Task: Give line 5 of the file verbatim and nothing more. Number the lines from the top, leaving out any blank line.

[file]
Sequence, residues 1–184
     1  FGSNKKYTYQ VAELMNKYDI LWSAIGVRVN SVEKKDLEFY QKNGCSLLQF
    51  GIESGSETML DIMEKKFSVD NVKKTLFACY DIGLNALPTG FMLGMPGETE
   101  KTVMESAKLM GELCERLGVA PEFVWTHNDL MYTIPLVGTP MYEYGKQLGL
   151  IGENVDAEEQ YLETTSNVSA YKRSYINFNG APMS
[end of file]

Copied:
   151  IGENVDAEEQ YLETTSNVSA YKRSYINFNG APMS